In 1977, Dwight Rose was called the principal of the overseas school that remained in Beirut. His wife, Donna, was to serve as a teacher.21 There were three full-time teachers, several part-time teachers, and 40 to 50 students. Most of them were overseas students, but some national Adventists joined as well. Dwight and Donna served for seven out of the nineteen years of the school’s existence. They implemented a work-study maintenance program. Each student, from the youngest to the oldest, was responsible for cleaning a particular area of the school every Friday during regular school hours. It was reported that the school never looked cleaner.22

An active Student Association started during those years. The school organized special programs and events to bring joy and happiness during those tense political times. Students referred to those days as some of the most memorable of their school experiences.23 Wilma Gramkow described the situation under which the school was operating during the war:

April 8, 12:00 noon. I think of our small Beirut Overseas School on our former division grounds, which continues to operate since all the children live on the hill – I hope that they got into the bomb shelter in time… 2.00 P.M. Two rockets also fell on our division grounds where the Beirut Overseas School is. Just one hour before this happened, Dwight Rose, principal of BOS, had called a drill in order that everyone might know what to do in case of emergency. When the shelling started, the students and teachers knew exactly what to do and where to run for shelter. Brother Rose’s drill surely was providential.24

On February 5, 1984, an all-day emergency meeting was called in the Middle East Union with the implementation of an evacuation plan for all overseas personnel: “VOTED: to affect an immediate mandatory temporary evacuation of all non-Arabic speaking personnel to Cyprus, and optional evacuation of all non-Lebanese Middle Eastern personnel to their homelands.”25 The Middle East Union office and personnel moved to Nicosia, Cyprus, and the Beirut Overseas School became the Nicosia Overseas School. The Roses moved to Cyprus with the rest of the overseas staff and stayed for the duration of the school year before they returned to their homeland in Canada.26 Other personnel were subsequently called to take over the leadership of the school until it closed its doors a few years later.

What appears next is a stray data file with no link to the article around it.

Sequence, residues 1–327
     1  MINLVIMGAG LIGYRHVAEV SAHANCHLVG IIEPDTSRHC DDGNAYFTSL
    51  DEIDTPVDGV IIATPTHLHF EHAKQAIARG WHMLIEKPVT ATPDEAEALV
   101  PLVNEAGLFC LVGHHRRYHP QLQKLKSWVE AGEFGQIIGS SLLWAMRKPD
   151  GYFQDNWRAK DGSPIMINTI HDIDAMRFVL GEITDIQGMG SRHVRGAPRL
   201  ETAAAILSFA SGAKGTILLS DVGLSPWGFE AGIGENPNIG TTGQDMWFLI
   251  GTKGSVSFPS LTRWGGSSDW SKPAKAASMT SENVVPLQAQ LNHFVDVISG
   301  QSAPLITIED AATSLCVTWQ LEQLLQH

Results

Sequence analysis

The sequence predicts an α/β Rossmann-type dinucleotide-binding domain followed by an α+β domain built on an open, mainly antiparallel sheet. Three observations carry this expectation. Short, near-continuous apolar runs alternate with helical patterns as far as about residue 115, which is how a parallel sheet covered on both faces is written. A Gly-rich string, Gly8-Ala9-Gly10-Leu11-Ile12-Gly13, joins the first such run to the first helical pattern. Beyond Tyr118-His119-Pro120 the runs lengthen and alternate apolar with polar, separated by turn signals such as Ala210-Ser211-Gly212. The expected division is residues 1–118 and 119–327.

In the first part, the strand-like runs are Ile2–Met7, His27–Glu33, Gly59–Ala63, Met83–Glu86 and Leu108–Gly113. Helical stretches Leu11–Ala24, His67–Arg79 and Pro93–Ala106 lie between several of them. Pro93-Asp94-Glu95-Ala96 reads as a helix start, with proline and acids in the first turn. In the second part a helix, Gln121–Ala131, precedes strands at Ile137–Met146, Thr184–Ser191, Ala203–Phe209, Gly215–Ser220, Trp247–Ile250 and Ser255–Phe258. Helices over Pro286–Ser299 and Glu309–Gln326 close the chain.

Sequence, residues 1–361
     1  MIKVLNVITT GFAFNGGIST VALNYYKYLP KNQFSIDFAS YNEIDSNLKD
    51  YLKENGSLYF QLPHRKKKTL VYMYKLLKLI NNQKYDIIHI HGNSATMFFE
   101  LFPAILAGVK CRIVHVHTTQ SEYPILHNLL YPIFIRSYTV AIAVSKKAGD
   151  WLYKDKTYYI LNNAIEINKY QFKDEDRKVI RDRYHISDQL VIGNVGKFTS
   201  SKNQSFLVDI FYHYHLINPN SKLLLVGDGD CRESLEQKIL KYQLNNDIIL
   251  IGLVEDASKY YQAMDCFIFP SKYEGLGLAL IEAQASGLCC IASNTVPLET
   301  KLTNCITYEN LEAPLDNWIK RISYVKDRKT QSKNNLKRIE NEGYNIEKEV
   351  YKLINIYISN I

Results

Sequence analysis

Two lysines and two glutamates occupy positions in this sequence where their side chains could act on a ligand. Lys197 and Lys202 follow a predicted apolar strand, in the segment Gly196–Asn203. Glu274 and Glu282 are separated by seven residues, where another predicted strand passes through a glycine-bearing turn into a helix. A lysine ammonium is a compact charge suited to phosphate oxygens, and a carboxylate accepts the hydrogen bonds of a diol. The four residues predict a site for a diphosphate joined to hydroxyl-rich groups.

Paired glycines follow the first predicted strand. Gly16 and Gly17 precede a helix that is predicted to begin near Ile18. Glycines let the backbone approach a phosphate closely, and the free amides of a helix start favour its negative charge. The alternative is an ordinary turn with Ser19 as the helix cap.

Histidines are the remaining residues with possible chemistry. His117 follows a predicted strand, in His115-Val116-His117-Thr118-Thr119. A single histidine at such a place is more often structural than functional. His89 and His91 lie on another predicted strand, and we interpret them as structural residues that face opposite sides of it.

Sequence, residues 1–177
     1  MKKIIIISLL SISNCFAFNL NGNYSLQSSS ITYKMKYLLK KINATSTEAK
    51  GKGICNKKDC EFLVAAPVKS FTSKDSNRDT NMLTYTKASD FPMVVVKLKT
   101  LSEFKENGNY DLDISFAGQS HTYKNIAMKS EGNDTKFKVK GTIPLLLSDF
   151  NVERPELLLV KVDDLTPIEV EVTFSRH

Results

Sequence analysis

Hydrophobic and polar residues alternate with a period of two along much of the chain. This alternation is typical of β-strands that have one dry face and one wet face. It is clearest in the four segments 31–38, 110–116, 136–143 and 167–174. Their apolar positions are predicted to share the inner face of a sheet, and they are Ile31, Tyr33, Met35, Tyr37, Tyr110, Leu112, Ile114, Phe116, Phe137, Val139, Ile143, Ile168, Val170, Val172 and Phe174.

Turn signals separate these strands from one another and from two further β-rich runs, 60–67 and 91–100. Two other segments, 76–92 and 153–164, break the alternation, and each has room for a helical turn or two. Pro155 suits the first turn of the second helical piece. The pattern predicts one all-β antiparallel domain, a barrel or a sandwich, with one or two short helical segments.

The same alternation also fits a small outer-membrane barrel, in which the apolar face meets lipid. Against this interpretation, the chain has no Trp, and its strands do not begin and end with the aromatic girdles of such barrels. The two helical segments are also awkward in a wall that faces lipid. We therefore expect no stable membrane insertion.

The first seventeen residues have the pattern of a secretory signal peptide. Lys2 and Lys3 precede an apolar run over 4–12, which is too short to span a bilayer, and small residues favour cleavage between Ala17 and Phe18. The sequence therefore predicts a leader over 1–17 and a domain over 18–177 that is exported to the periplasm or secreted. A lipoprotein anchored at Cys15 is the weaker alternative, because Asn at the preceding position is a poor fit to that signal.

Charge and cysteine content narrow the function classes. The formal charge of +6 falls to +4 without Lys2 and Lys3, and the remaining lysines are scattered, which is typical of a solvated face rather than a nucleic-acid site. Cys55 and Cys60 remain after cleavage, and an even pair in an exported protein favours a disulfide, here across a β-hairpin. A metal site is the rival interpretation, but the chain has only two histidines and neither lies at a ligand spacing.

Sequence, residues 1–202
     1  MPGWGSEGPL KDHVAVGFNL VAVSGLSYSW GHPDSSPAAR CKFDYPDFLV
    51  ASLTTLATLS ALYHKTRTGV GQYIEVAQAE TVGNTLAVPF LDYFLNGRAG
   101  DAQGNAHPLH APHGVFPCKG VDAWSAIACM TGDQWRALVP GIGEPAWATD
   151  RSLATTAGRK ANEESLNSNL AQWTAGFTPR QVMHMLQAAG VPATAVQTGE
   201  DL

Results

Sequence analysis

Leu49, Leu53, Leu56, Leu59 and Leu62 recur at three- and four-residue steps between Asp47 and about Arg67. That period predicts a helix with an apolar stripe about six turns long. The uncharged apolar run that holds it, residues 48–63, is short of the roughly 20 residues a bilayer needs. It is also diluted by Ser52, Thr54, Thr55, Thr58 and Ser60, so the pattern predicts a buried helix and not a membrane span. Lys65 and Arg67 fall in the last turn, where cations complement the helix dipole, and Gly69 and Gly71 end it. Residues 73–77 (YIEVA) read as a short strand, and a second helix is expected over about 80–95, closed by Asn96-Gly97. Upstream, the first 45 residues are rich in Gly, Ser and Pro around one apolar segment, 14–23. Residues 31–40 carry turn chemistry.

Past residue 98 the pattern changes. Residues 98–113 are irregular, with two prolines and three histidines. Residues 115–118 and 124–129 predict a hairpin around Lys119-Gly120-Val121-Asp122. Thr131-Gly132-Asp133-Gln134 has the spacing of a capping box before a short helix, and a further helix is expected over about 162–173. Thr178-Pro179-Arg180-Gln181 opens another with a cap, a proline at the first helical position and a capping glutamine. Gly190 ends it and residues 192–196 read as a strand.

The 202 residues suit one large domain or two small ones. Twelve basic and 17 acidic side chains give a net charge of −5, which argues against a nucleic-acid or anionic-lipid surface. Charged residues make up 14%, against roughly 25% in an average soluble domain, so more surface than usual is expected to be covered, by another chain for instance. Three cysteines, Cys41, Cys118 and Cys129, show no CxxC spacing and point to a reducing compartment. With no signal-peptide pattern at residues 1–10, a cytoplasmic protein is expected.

Izella Stuivenga; J. R. Stephan (1966-1967); G. J. Unger (1967-1973); F. N. Chase (1973-1974); L. R. Kuhn (1974-1977); Dwight Rose (1977-1984).27


“Branch S. S. Work Grows in Lebanon.” Middle East Messenger, March-April 1967.

“Breakthrough in Broadcasting.” Middle East Messenger, November-December 1967.

“Brief News of Men and Events.” ARH, December 6, 1962.

Brown, Walton J. “Middle East College Plans to Remain in Beirut.” ARH, January 29, 1976.

“College Park Lay Activities Bands at Work,” Middle East Messenger, July August 1970.

“From Here and There.” Middle East Messenger, 4th Quarter, 1959.

“From Here and There.” Middle East Messenger, 4th Quarter, 1961.

“From Here and There.” Middle East Messenger, September-October 1970.

“From Home Base to Frontline.” ARH, November 4, 1976.

Gramkow, Wilma. “Beirut Diary.” ARH, July 23, 1981.

Jensen, Sven Hagen. “Afro-Mideast Division (1970-1981).” Encyclopedia of Seventh-day Adventist, January 29, 2020. Accessed March 20, 2024.

Middle East Union Committee Minutes, February 15, 1984. 84:14. Middle East and North Africa Union Archives. Beirut, Lebanon.

“News Notes from the world divisions, Afro-Mideast.” ARH, November 24, 1977.

“On the Run.” Middle East Messenger, September-October 1967.

“Transition.” Middle East Messenger, January-February 1969.

“Transition.” Middle East Messenger, September-October 1968.

“Vacation Bible Schools Win Youth, Parents Throughout Division Territory.” Middle East Messenger, September-October 1965.

Williams, Roy F. “Middle East needs volunteer teachers.” ARH, April 22, 1982.

Seventh-day Adventist Encyclopedia. Second revised edition. Hagerstown, MD: Review and Herald Publishing Association, 1996.


  1. “Beirut Overseas School,” Seventh-day Adventist Encyclopedia (SDAE), dcccl.

  2. Ibid.

  3. “From Here and There,” Middle East Messenger, 4th Quarter, 1959, 3.

  4. “From Here and There,” Middle East Messenger, 4th Quarter, 1961, 4.

  5. “Brief News of Men and Events,” ARH, December 6, 1962, 22.

  6. “Beirut Overseas School,” dcccl.

  7. “On The Run,” Middle East Messenger, September-October 1967, 3.

  8. “Here and There,” Middle East Messenger, September-October 1970, 5.

  9. ARH, 1962 to 1982.

  10. “Transition,” Middle East Messenger, September-October 1968, 7.

  11. Roy F. Williams, “Middle East Needs Volunteer Teacher,” ARH, April 22, 1982, 31.

  12. “Vacation Bible Schools Win Youth, Parents Throughout Division Territory,” Middle East Messenger, September-October 1965, 10.

  13. “Branch S.S. Work Grows in Lebanon,” Middle East Messenger, March-April 1967, 4.

  14. “Breakthrough in Broadcasting,” Middle East Messenger, November-December 1967, 13.

  15. “Transition,” Middle East Messenger, January-February 1969, 7.

  16. “College Park Lay Activities Bands at Work,” Middle East Messenger, July-August 1970, 5.

  17. Sven Hagen Jensen, “Afro-Mideast Division (1970-1981),” Encyclopedia of Seventh-day Adventist, January 29, 2020, accessed March 20, 2024,

  18. Walton J. Brown, “Middle East College Plans to Remain in Beirut,” ARH, January 29, 1976, 15-16.

  19. Ibid.

  20. “From Home Base to Front Line,” ARH, November 4, 1976, 30.

  21. “News Notes From the World Divisions, Afro-Mideast,” ARH, November 24, 1977, 21.

  22. Dwight and Donna Rose, email message to author, February 5, 2024.

  23. Ibid.

  24. Wilma Gramkow, “Beirut diary,” ARH, July 23, 1981, 10-11.

  25. Middle East Union Committee Minutes, February 15, 1984, 84:14. Middle East and North Africa Union Archives.

  26. Dwight and Donna Rose, email message to author, February 5, 2024.

  27. “Beirut Overseas School,” SDAE.


Jensen, Sven Hagen. "Beirut Overseas School (1965–1984) ." Encyclopedia of Seventh-day Adventists. April 25, 2024. Accessed June 18, 2024.

Jensen, Sven Hagen. "Beirut Overseas School (1965–1984) ." Encyclopedia of Seventh-day Adventists. April 25, 2024. Date of access June 18, 2024,

Jensen, Sven Hagen (2024, April 25). Beirut Overseas School (1965–1984) . Encyclopedia of Seventh-day Adventists. Retrieved June 18, 2024,